And with new numbers out today for June, Wisconsin is now ranked 5th in new rankings among states on their six month economic outlook. For those keeping track, that's 40th, to 20th, to 5th in just a couple months.
"We know that employers want stability and while we can't control all the factors affecting job creation, this ranking is another sign that the work we are doing is improving the business climate in the state," said Wisconsin Governor Scott Walker.
The coincident indexes combine four state-level indicators to summarize current economic conditions including "nonfarm payroll employment, average hours worked in manufacturing, the unemployment rate, and wage and salary disbursements deflated by the consumer price index (U.S. city average)."
Ranked 5th and 2nd in leading economic indicators?
Perhaps the Wisconsin economy is finally kicking into gear. And the only ones with long faces will be the liberals in this state who have actively cheered against job creation in a cynical political ploy to win back the governorship. It's never a good political position to be in when you are forced to root against job creation.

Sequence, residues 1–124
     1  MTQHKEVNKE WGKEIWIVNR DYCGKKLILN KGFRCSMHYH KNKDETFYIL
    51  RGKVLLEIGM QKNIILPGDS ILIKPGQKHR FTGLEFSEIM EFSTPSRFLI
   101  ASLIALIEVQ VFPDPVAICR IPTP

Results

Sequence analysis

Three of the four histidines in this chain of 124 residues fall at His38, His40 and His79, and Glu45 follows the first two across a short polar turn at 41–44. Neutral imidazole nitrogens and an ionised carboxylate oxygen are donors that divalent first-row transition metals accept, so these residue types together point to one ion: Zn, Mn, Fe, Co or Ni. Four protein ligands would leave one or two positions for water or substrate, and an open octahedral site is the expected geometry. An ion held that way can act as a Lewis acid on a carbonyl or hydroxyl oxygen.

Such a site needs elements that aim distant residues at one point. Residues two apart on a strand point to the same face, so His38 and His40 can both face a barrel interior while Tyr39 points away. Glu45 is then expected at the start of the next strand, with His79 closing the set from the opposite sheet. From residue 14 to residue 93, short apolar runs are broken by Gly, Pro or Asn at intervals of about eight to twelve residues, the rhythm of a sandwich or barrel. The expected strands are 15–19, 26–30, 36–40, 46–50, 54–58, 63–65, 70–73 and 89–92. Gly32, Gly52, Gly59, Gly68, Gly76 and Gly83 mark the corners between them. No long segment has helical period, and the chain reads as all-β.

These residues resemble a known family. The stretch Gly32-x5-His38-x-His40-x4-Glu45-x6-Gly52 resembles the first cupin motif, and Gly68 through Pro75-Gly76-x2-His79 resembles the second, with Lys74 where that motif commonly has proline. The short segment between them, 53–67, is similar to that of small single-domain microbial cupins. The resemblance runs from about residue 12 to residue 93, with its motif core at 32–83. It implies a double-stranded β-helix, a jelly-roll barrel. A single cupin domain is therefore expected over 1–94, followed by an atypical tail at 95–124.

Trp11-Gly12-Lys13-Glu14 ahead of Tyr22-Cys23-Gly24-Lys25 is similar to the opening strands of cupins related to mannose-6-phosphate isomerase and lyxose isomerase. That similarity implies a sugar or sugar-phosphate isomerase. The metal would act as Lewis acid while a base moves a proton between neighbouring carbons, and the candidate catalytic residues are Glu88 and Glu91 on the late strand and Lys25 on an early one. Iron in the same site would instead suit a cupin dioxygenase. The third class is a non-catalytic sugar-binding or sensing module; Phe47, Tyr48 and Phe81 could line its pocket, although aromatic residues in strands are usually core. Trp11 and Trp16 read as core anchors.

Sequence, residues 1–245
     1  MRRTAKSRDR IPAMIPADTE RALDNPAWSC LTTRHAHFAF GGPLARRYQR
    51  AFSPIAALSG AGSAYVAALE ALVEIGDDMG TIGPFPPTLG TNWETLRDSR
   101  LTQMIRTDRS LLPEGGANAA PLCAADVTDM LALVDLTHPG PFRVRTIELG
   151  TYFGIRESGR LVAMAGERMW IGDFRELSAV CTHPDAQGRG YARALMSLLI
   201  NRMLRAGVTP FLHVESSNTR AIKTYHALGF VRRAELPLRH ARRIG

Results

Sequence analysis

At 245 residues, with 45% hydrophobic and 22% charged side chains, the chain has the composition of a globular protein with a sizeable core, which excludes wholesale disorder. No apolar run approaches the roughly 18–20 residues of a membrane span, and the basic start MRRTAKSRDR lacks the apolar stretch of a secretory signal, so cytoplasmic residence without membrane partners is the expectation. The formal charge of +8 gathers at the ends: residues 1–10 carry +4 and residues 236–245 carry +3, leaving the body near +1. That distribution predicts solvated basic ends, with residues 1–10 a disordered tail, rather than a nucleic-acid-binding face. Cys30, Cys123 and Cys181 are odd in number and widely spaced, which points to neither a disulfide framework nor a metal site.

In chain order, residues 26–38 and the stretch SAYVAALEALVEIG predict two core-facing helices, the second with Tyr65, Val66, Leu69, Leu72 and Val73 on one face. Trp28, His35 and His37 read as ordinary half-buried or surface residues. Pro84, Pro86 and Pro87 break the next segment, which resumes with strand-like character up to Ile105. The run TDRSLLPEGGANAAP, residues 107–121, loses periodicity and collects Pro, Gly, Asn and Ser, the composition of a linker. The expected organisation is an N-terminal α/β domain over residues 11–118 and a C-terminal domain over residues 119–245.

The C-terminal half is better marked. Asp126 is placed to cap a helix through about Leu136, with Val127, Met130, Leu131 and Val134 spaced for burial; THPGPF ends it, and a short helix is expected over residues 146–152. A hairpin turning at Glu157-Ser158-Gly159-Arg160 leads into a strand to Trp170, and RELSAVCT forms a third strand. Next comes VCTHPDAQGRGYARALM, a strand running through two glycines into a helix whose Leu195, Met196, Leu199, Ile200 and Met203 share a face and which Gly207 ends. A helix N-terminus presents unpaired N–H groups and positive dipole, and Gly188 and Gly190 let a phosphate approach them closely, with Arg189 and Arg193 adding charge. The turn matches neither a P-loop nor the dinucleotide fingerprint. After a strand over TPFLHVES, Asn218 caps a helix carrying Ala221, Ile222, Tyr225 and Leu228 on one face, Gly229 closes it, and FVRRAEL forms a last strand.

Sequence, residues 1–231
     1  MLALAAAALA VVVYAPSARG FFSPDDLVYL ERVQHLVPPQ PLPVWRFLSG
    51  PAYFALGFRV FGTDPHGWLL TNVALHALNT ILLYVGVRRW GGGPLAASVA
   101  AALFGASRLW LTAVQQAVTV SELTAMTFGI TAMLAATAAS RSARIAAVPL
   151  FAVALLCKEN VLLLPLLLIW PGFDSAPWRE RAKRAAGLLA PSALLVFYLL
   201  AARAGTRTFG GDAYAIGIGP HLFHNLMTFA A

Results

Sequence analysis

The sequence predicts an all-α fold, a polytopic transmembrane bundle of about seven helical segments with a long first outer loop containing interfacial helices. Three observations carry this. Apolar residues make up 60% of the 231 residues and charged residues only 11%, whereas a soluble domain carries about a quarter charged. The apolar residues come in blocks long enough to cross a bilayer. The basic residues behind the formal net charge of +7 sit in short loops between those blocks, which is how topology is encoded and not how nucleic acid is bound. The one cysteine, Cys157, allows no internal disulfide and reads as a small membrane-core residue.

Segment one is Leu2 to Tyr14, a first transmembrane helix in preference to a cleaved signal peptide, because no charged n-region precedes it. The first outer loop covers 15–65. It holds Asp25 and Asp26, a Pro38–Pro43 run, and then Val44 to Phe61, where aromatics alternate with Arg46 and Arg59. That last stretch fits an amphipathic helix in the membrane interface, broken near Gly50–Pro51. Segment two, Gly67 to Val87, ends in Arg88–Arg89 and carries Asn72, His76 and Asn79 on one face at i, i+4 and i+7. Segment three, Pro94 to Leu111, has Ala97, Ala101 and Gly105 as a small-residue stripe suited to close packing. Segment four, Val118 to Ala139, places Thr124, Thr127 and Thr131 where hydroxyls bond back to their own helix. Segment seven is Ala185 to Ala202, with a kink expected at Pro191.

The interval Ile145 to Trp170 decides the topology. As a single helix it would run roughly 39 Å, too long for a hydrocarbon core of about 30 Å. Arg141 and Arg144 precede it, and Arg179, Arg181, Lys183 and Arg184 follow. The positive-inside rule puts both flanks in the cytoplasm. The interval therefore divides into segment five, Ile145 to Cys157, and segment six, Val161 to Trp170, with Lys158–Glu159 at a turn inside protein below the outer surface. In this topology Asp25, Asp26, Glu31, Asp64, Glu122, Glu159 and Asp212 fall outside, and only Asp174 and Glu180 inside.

Those banking on Wisconsin’s economy tanking in hopes it might cost Gov. Scott Walker his re-election are not going to like the latest numbers from the Philly Fed.
Walker's office says this news is just the latest in a series of positive economic developments, which they outlined Tuesday:
Wisconsin’s seasonally adjusted total nonfarm job gain from May to June shows an initial increase of 17,500, which is the largest month-to-month gain since April 1992.
Wisconsin’s seasonally adjusted private job gain from May to June shows an initial increase of 13,800, which is the largest month-to-month gain since September 2003.
CNBC ranked Wisconsin 5th in "Top US States for New Manufacturing Jobs" (June 25, 2013).
94 percent of Wisconsin job creators believe the state is "going in the right direction," up from just 10 percent in 2010 (WMC Survey, June 2013).
Wisconsin’s initial unemployment insurance claims are at prerecession levels
Year-to-date housing permits are 9.1% higher than prior year levels
Wisconsin’s percent change in average weekly wage in the fourth quarter of 2012 was 12th in the nation; behind only Minnesota in the Midwest.